Gary Day

June 2, 2006

The renowned vice-chancellor I. A. M. Wortheverypenny staggered through the vaulted archway of the university information centre and collapsed. He was definitely out of condition and the port didn't help. He lay quiet for a moment. "I am still alive," he thought. A voice spoke chillingly close. "Tell me where it is." "I don't know what you are talking about," the vice-chancellor gasped. The man raised his gun. "Wait, I will tell you what you want to know," cried the vice-grasper.

The story he told was one he had rehearsed many times. "There is no more money." "That is exactly what the others told me," said the man. Then he shot him.

The telephone rang. If it hadn't, Bob Crackcodes wouldn't have woken up. At least, not till morning. He put on his wig and picked up the receiver. It was the police. Had someone complained about his lecture on acronyms in education? "Yes. But we are not interested in that," said Inspector Fake, by coincidence echoing the sentiments of the audience earlier that evening.

"We want to know why your details were found in renowned vice-chancellor Wortheverypenny's Blackberry." As with most things, Crackcodes hadn't a clue. It's no wonder he was a professor.

He was taken to where the vice-chancellor lay. It was horrible. Before he died, the man had stripped himself naked, carved a Pounds sign on his chest and written a note to his wife asking her to put the cat out.

"What does it mean?" asked the inspector. Crackcodes shook his head and his wig fell off. As he bent to retrieve it he saw a pair of slacks. They belonged to a woman. Her name was Sophie Magdalene. She was called Sophie because she was wise. And she was called Magdalene because she was a direct descendant of Jesus and Mary. Why was she wise? Because she was a woman. She snatched Crackcodes's wig and ran from the building.

"I'm sorry," she said, when he caught up with her. "But I had to get you out of there fast." "Why?" asked Crackcodes. "Because we need to get to Switzerland and open a safe-deposit box." "No, I mean why have you thrown my wig into that dustcart?" "It's bugged," she cried, leaping into her Smart car.

Sophie drove backwards through Paris, not because she was a woman, but because she was French and to avoid the police who were on their trail. But they couldn't catch them because most criminals are never caught. Anyway, Bob and Sophie weren't criminals. They weren't even real.

They got to the station, they got to the airport, they got to Switzerland. Bob explained a lot of things. About a secret organisation called Ucea and another called AUT and its sister organisation called Natfhe. And still another called Acas. And no matter how you arranged the letters they didn't make sense.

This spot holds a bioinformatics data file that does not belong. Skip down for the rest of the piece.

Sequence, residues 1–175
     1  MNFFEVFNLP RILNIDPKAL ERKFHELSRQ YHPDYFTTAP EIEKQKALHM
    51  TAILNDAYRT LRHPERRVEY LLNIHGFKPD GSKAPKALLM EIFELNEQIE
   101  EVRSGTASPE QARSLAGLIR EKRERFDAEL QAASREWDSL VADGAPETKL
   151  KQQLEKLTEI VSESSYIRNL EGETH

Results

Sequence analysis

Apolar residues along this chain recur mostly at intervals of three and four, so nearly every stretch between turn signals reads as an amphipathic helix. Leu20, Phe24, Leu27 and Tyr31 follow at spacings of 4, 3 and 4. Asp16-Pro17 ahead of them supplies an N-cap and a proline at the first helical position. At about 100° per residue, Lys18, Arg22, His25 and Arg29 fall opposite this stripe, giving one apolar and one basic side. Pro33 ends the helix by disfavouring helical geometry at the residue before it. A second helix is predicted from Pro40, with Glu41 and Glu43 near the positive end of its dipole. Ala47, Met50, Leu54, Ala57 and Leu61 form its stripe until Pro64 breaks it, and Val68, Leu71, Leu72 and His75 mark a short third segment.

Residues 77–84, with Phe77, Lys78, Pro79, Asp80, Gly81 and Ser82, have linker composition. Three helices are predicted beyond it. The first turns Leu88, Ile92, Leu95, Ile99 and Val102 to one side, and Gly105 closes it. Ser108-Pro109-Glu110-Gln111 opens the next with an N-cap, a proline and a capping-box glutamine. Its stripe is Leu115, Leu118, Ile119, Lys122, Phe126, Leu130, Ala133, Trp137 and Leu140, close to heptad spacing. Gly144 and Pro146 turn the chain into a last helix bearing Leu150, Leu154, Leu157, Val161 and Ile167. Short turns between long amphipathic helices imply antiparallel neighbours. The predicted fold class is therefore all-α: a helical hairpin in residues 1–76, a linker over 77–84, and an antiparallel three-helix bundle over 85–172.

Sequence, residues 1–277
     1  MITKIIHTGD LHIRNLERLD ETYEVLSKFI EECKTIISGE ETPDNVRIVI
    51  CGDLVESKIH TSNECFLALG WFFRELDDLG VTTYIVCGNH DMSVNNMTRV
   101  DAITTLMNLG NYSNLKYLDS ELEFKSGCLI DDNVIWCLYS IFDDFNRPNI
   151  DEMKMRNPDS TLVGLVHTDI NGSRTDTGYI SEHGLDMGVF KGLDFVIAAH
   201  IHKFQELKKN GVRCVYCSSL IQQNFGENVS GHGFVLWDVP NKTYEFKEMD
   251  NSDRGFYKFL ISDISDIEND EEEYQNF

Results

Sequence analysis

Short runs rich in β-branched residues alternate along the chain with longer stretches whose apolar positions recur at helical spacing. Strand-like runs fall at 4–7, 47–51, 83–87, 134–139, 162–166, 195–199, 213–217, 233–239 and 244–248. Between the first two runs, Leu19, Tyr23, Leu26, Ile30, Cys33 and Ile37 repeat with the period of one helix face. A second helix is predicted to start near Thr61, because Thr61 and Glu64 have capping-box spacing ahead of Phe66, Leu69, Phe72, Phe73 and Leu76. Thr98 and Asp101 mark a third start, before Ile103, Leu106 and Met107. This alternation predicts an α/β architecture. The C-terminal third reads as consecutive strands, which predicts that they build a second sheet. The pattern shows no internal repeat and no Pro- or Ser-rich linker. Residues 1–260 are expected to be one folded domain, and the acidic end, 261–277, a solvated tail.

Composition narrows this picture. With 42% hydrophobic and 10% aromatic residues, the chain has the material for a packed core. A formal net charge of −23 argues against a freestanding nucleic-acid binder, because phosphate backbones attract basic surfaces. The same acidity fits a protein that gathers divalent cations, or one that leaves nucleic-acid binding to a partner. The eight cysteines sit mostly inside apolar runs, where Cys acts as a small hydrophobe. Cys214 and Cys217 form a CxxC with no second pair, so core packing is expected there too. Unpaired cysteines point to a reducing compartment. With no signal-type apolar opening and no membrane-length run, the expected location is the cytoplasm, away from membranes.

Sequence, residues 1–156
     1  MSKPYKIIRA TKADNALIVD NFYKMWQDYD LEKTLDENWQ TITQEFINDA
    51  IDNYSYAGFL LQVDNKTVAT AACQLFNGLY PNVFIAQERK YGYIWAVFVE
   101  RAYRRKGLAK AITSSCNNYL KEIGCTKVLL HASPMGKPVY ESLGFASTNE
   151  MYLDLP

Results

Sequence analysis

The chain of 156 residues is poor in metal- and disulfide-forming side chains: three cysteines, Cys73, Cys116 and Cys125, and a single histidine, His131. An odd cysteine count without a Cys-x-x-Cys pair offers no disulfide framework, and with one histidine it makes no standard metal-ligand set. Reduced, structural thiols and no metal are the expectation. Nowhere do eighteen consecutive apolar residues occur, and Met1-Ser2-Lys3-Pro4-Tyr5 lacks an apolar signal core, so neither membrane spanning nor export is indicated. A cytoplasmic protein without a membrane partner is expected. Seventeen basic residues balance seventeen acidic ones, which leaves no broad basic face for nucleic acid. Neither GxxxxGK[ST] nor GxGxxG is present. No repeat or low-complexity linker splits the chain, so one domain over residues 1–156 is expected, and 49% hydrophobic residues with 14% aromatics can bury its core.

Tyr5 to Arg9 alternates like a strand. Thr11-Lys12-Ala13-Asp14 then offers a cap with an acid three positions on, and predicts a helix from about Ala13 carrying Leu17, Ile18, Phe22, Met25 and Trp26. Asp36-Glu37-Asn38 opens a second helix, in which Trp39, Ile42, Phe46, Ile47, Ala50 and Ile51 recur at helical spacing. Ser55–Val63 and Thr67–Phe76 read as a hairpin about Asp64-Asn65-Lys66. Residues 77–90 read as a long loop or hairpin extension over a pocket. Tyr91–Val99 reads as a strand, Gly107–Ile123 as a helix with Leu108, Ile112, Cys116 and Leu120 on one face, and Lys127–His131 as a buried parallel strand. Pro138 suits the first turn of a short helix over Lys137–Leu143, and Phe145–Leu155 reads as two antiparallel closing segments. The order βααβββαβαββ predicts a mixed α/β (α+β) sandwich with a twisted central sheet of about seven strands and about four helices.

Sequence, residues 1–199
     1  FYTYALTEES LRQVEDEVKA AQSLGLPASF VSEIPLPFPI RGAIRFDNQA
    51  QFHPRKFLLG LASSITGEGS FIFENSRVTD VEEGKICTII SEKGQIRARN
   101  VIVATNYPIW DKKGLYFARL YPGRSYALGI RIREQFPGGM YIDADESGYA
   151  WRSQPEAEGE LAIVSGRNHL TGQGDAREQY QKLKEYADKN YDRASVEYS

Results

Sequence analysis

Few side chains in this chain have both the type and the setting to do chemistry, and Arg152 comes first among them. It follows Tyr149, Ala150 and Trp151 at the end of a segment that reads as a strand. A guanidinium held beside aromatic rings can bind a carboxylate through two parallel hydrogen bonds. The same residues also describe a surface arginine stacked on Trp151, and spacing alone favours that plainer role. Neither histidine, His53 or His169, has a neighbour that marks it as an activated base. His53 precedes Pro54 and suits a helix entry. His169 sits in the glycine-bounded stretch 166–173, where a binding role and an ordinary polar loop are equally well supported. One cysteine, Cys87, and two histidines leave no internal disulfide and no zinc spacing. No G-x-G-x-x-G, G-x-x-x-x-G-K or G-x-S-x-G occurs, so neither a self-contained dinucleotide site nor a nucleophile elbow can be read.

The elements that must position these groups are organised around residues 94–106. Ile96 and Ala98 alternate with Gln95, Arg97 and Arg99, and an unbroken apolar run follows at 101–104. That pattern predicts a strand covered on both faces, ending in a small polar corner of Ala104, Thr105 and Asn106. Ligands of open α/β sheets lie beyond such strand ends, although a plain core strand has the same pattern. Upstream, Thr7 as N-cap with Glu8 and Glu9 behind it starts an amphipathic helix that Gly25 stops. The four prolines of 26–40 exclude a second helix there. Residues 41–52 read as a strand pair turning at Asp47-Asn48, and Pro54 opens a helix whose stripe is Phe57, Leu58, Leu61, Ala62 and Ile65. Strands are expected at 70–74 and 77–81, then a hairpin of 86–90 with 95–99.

Sophie was astonished. "You mean it's nothing to do with Leonardo da Vinci?" she said. "Who?" asked Bob. But there was no time to find out because they were at the Depository Bank of Zurich. Sophie fished out a gold lasered key. What was the account number? Bob had a flash of genius that would have burnt his wig had he had it. 12.6. It worked! The conveyor belt brought up a trunk. Inside was a cracker. They pulled it. Out fell a plastic whistle and joke. "I can't work out this joke," said Bob, "but I know a man who can. Sir Leigh Teabag." He was called that because he liked tea. Sometimes things really are that simple.

At that moment, the bank president - who, as a minor character, doesn't need a name - burst through the door. "The police! Quick, follow me!" They did. Into a security van. It rumbled through the night. Then stopped. The president ordered them out at gunpoint and demanded the joke for an after-dinner speech.

But bankers are no match for intelligent people, let alone for a direct descendant of Jesus. Sophie turned him into a nice person and then she and Bob sped off to Teabag's residence. Despite his millions, Sir Leigh was not a happy man. For a start, he suffered from Cathars. The joke didn't cheer him up because he didn't understand it either. "The House of Commons Select Committee will have to explain," he announced. "We must get to London immediately."

In fact, this took them a few pages. And when they landed there were still more complications to follow, including a journey to Scotland.

Would the letters ever be arranged to make a word? What was the significance of the joke? And who the hell was the man with the gun? He seems to be in every story. Will we ever know the reason for the Mona Lisa's famous smile?

Gary Day is principal lecturer in English at De Montfort University.

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